“In all this there is clean label, natural, functional performance, price, and you want that great taste and flavour and colour. The consumer doesn't want to sacrifice that either.
“That's what the customers are really struggling with. How do they create excitement in their categories, whether it’s a big brand or a retailer on the shelf. How do they create that mix of healthy, nutritious, delicious, natural. The thing ofi really offers is the natural taste, colour, texture, flavour across the portfolio which speaks to some very key large and growing user end markets: bakery, confectionery, snacking, culinary, etc.”
That ofi’s portfolio – cocoa, coffee, nuts, spices – is build around natural commodities is a ‘good starting point’, Shekhar said. “What we are trying to do is combine that with a health and wellness proposition. If you are looking at a bakery solution, how do we add cinnamon to cocoa to reduce the sugar? How do we add, let’s say, defatted nut flour to reduce wheat flour in a gluten free product?
“It is the combination of natural, clean label, health, wellness, taste and flavour, which is the more important things for us. It’s natural, it’s nutritious, it’s delicious.”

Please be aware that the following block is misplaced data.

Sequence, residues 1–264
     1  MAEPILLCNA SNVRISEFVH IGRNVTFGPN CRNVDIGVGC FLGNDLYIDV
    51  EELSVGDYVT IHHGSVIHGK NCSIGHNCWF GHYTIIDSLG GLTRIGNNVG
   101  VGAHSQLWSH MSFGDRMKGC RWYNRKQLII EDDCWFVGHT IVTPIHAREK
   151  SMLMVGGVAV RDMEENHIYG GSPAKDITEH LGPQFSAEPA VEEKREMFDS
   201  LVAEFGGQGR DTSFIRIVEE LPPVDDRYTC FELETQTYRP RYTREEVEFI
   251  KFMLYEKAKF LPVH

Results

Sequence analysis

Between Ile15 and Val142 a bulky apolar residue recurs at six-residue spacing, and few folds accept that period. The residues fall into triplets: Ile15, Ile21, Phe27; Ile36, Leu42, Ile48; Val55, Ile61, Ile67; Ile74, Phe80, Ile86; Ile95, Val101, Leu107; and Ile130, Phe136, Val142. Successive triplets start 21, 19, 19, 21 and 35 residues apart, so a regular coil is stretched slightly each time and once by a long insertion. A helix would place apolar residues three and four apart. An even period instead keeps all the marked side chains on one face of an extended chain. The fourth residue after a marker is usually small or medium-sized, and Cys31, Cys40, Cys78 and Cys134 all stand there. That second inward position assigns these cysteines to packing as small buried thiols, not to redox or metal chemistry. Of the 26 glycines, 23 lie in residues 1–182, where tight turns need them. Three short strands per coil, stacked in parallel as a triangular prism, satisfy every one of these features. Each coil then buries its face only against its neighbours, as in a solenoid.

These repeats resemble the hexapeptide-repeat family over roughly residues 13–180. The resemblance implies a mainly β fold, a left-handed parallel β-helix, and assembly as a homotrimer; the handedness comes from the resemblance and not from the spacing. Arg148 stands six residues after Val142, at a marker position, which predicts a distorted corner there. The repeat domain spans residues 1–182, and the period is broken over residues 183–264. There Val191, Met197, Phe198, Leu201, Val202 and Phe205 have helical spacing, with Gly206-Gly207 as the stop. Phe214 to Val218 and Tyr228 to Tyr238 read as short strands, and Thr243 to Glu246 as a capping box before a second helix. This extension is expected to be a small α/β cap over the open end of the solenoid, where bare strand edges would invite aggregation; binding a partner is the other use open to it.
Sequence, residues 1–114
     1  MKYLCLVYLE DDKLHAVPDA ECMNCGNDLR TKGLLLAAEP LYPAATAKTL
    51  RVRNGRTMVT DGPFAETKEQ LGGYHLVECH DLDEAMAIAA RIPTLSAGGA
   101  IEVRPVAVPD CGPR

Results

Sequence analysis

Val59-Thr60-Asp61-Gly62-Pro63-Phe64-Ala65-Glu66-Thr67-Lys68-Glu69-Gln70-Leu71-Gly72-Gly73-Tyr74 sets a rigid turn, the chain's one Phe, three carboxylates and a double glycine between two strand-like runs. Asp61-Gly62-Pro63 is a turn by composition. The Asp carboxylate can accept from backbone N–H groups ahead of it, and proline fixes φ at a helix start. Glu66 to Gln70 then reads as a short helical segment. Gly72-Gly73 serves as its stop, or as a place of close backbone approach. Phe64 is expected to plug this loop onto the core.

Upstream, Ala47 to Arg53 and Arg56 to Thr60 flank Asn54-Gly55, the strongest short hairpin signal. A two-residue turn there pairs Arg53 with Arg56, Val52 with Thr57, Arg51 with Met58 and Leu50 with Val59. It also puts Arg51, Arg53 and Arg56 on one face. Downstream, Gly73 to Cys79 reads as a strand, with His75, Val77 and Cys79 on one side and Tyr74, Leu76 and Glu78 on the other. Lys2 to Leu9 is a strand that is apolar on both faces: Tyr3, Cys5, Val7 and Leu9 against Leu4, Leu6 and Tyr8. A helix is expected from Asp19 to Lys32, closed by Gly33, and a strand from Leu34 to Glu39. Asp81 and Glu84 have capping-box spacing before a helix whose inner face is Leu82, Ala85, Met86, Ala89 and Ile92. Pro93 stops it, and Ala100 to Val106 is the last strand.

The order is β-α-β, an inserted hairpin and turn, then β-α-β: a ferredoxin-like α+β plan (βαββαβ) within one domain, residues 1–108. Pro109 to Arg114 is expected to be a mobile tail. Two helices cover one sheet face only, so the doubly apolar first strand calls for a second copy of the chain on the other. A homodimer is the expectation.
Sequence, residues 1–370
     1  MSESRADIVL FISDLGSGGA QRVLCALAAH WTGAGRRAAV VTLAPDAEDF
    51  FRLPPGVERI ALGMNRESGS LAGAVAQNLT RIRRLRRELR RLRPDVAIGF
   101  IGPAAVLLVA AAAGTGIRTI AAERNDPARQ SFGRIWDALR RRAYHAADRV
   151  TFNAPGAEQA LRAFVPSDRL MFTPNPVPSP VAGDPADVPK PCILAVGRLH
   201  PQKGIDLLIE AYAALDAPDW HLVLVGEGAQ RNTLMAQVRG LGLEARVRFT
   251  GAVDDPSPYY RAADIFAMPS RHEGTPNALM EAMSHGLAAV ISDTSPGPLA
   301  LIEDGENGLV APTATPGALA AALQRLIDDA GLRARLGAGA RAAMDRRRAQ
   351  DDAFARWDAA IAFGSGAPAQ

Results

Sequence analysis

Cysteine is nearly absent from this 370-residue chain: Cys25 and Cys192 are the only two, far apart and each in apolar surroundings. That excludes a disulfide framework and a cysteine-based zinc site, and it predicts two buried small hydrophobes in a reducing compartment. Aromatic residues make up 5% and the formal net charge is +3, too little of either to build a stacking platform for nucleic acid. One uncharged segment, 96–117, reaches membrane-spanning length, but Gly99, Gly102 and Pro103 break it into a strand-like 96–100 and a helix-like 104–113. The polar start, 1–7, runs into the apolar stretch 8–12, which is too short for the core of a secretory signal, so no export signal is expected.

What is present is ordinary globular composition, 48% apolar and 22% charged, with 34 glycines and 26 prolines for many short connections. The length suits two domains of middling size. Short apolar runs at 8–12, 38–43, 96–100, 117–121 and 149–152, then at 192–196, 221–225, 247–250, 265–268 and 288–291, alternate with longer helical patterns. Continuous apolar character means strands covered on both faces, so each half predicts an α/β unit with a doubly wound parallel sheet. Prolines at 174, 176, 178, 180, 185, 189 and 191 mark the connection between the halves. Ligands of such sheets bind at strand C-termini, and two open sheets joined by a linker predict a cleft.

Building for the future
ofi’s customer base includes retailers, branded manufacturers and foodservice customers like McDonald’s or Starbucks. Shekhar said these customers are looking for someone who can meet the demands of various consumption occasions, from out-of-home, to on-the-go and in-home. “Customers need people who can supply the different formats, with different packages and different kinds of supply chain requirements.”
The rapid channel shift that saw out-of-home sales tumble as a result of COVID is not a long-term trend that Shekhar expects to continue to shape demand. ofi therefore remains focused on meeting the divergent needs of these segments. “The three areas – in-home, on-the-go, and out-of-home - all three will stay relevant and important. What is important is for us to have optionality to deliver all three depending on the nature of the customer, their application. Keeping ourselves adaptable and flexible and cost competitive and capable.”
The ofi CEO said that the shift to sustainable and nutritious food across all channels is a shift that is happening ‘really rapidly’. While the change may have been evident for the past five years or so, he maintained that it is ‘accelerating’.
“That is really the message of the journey that we are trying to capitalise on. Because we believe we have a head start in some of these areas and in other areas we are building new capabilities.”
Shekhar declined to provide any specific guidance on growth targets for ofi when it starts to operate as a stand-alone business. However, he is optimistic that the group is well-positioned through its focus on natural, healthy and sustainable solutions.
“We have a huge runway on the products and end use applications we have chosen. We have a huge runway with the customers we already have.
“We are very excited by the possibilities our portfolio offers us... What is important isn't so much what next, it is about putting your head down and delivering.”